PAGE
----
Increasing Cooperation

What solutions can social psychologists offer to turn group conflict into group cooperation and lessen tensions between different groups? Contact theory proposes that equal status contact between antagonistic groups should lower tension and increase harmony. Muzafer Sherif showed in his classic boys’ camp study that by creating a superordinate goal (an emergency situation that required joint cooperation of both groups to solve), conflicting groups could lessen their feelings of hostility and get rid of some of the stereotypes that lack of knowledge of the other group had created. Sherif’s camp consisted of 20 boys divided into two groups of 10. Each group bonded together for a week and engaged in competitive games against the other group. In-group solidarity developed among those in the separated groups, and intergroup conflict arose from the competitive games between the groups. Fights between the groups outside of the competitions became increasingly more hostile. Sherif successfully brought the two opposing groups together by having them unite and solve the problems of a breakdown of the water supply and a food delivery truck. By creating the superodinate goal, the boys cooperated and their prior prejudices disappeared. The cumulative effect of working together for a common goal was friendship formation across groups. On the last day, both groups chose to ride home together on the same bus.

“Make flashcards. AP Psychology is ALL about the vocabulary, in both the essay and the multiple choice. Since a lot of the terms are common sense, you want to make sure that you remember the actual definition, not just a vague, layman’s term idea of the particular term.”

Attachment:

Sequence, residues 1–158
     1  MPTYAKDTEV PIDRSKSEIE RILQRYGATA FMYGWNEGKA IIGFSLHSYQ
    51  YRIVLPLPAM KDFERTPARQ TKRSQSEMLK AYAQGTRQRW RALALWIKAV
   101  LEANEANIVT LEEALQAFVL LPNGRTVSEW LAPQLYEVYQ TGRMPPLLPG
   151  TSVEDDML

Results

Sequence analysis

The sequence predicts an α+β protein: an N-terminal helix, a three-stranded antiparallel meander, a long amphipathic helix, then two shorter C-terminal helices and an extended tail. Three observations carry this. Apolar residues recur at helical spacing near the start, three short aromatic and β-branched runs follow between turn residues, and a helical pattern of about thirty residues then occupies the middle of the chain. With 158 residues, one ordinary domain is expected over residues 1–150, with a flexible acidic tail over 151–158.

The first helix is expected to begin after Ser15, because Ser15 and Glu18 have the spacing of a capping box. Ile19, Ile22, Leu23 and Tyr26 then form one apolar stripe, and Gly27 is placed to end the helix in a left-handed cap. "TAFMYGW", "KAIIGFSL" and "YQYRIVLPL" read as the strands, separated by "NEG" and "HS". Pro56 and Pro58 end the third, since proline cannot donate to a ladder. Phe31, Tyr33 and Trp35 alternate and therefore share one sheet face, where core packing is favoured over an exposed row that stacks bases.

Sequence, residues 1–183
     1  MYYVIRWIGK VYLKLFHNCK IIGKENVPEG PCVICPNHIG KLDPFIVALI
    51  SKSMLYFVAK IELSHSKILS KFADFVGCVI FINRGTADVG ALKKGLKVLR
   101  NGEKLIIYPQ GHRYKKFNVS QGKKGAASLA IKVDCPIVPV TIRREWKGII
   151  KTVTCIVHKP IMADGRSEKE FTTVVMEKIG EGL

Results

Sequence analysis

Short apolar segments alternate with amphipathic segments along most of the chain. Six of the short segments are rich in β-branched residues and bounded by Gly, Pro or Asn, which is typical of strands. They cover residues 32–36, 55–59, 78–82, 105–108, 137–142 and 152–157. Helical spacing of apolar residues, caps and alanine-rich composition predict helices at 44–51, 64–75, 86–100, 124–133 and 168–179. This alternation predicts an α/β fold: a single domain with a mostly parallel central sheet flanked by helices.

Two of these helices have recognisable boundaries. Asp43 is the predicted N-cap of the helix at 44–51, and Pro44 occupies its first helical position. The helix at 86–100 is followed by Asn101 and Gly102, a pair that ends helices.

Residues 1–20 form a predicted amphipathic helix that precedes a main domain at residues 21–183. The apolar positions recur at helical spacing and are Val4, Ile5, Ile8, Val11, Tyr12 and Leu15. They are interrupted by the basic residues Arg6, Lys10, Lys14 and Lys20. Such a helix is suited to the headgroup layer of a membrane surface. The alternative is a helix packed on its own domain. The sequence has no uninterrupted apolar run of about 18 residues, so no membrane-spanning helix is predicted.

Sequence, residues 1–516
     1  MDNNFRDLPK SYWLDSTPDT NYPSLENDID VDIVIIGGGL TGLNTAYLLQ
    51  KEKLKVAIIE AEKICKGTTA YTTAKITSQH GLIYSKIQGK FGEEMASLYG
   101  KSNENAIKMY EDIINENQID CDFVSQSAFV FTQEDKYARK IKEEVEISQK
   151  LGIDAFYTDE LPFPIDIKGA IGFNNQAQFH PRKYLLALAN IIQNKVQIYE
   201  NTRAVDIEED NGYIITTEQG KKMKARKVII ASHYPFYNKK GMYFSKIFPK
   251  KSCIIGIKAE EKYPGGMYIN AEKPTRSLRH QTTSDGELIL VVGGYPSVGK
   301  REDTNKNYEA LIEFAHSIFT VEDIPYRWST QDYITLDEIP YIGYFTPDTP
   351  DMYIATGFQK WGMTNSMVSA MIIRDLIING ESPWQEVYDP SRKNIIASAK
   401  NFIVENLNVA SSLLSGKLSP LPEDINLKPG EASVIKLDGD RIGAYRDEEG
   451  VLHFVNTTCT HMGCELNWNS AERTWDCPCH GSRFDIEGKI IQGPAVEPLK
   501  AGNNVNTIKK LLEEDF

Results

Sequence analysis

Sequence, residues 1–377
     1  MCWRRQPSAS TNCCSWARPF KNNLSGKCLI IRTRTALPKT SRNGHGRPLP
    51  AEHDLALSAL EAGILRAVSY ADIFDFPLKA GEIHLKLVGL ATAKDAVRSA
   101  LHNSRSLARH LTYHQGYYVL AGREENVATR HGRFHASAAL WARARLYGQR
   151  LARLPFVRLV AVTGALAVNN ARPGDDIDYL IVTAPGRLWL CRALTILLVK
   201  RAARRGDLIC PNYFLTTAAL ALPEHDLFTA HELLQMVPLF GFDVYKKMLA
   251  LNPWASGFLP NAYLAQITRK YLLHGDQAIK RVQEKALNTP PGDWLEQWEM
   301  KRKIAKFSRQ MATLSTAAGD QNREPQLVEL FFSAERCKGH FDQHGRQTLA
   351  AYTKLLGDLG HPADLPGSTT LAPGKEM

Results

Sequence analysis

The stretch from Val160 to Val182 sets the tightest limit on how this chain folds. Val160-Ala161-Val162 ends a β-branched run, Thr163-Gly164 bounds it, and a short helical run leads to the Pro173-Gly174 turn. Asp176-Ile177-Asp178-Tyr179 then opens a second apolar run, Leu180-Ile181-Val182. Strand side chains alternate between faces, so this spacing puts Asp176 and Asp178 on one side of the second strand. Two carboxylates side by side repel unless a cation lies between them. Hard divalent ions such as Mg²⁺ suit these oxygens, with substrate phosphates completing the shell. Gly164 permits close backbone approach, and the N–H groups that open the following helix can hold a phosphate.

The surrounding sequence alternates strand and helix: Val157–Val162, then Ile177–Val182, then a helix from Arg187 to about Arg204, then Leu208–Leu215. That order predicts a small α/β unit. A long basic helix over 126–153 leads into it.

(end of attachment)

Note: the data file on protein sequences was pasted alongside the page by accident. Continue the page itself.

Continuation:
—Lizzie, AP student

Friendships

In friendships, proximity is the primary determinant of who will initially become friends. Long-distance romances can continue, but it is more likely that one of the pair will become attracted to someone he or she sees every day. The mere exposure effect explains some of this. The more we come into contact with someone, the more likely we are to like that person. Certainly physical attractiveness is also a major factor. Most consider the “beautiful” people to be more socially skilled than less attractive others. Studies show that friends usually are rated very similarly in physical attractiveness. Similarity of interests and social background is also likely to determine who becomes friends. Another factor is utilitarian value or complementary needs. If you are less skilled at some activity, getting to know someone who can help you improve in that skill can form the basis of friendship.